In the 2016 survey by Common Sense Media, reported by Reuters, of the U.S teens, surveyed, half of them feel they’re addicted to their cell phones.
This is shown often through media portrayal of millennials.
For example, in one of the recent releases, “Jumanji: Welcome to Jumanji” you see the effects of cell phones with the character Bethany. Throughout the beginning of the movie she never is without her cell phone. It isn’t until she’s forced to be without it that she even interacts with the others and even socializes enough to get to know them. She literally panics at the thought of being without her cell phone.
While in the movie this is shown with comedic intent, it’s shocking how real this situation has become for most of the younger generations that have smartphones. How many times have you seen someone panic over not finding their phone? The answer is probably way too many times to count.
Teens use their phone every minute they’re able to, which is inhibiting them from the normal social skills that prior generations have grown up using. While past generations would rely on face to face communication, millennials and those younger than us turn to their cell phones instead.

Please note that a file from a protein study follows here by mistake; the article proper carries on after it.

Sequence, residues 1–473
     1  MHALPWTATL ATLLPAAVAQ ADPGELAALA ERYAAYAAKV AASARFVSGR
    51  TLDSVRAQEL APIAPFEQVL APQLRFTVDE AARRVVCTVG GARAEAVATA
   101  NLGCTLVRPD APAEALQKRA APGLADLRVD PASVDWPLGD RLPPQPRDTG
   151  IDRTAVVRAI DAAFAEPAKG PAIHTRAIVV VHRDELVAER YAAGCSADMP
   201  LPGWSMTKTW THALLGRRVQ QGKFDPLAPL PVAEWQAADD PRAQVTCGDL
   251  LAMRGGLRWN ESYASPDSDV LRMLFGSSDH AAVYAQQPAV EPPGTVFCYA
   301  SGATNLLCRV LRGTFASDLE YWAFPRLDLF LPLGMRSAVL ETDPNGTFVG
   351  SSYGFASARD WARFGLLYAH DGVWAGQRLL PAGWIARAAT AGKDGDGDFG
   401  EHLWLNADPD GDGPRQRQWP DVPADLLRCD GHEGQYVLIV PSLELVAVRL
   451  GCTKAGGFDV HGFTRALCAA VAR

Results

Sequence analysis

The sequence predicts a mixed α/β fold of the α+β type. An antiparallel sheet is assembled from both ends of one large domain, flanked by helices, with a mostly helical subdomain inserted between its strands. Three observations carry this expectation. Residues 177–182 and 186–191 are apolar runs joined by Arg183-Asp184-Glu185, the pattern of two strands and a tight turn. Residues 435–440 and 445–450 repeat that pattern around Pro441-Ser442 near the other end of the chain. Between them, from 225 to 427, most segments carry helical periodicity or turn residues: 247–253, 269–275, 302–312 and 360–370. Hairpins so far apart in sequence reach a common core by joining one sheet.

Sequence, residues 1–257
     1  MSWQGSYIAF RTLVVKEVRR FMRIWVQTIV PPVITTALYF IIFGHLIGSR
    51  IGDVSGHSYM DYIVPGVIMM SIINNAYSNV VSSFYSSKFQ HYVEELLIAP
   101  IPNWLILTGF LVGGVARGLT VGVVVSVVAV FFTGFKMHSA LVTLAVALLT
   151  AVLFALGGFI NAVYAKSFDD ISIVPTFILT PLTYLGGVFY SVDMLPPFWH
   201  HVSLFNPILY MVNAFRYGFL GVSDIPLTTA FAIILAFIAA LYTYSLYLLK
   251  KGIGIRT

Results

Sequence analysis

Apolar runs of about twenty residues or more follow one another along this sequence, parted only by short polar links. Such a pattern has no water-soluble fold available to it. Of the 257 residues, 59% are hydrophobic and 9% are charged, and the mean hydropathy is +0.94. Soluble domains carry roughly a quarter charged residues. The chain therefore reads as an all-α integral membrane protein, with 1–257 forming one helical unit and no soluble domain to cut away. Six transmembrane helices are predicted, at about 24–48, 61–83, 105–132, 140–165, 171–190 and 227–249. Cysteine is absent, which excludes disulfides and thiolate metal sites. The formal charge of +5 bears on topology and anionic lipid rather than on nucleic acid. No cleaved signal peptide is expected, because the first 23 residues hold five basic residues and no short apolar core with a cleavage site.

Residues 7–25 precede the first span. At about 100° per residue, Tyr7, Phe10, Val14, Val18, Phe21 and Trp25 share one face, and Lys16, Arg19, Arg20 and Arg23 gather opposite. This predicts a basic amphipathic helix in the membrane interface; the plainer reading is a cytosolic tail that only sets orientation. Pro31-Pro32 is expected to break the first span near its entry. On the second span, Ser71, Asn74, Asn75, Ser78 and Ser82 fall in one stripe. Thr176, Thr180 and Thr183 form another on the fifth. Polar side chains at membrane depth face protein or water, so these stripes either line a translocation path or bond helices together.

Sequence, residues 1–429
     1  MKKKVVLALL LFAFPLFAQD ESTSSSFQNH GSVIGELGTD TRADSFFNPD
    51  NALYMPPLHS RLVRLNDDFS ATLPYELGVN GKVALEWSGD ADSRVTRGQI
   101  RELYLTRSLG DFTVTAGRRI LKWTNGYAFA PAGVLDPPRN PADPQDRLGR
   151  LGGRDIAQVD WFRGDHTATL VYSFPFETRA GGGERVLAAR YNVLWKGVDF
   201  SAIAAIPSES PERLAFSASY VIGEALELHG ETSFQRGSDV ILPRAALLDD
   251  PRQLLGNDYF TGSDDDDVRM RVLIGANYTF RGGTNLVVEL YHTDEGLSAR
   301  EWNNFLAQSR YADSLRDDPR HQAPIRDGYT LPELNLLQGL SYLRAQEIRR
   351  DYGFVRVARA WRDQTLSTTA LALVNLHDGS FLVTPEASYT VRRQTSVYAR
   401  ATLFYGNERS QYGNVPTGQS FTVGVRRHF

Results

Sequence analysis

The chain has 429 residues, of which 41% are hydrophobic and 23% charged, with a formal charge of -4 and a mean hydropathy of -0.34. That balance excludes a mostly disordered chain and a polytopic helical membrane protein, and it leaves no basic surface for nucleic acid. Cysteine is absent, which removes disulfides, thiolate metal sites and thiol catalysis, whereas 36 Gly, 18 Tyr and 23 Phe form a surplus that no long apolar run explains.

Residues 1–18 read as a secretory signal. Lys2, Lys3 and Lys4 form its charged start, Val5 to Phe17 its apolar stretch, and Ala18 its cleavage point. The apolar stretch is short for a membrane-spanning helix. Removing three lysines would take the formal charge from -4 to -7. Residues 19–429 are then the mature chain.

As reported by The Washington Times, New York based Psychiatrist Dr. Jeremy Spiegel, founder of Casco Bay Medical reported that cell phone socialization is skeletal and often replaces face to face interaction with people on a social level.
As children are receiving cell phones at younger ages, this trend of being addicted to them is starting earlier. Articles, such as from the Huffington Post, suggest that children are starting to lack basic social interactions skills, like holding a conversation, due to their exposure to technology.
Melissa Ortega, a child psychologist at New York’s Child Mind Institute says, “They don’t know how to handle conflict face to face because so many things happen through some sort of technology.”
While the investors focused their attention on younger children, our generation does not escape the grasps of the smartphone.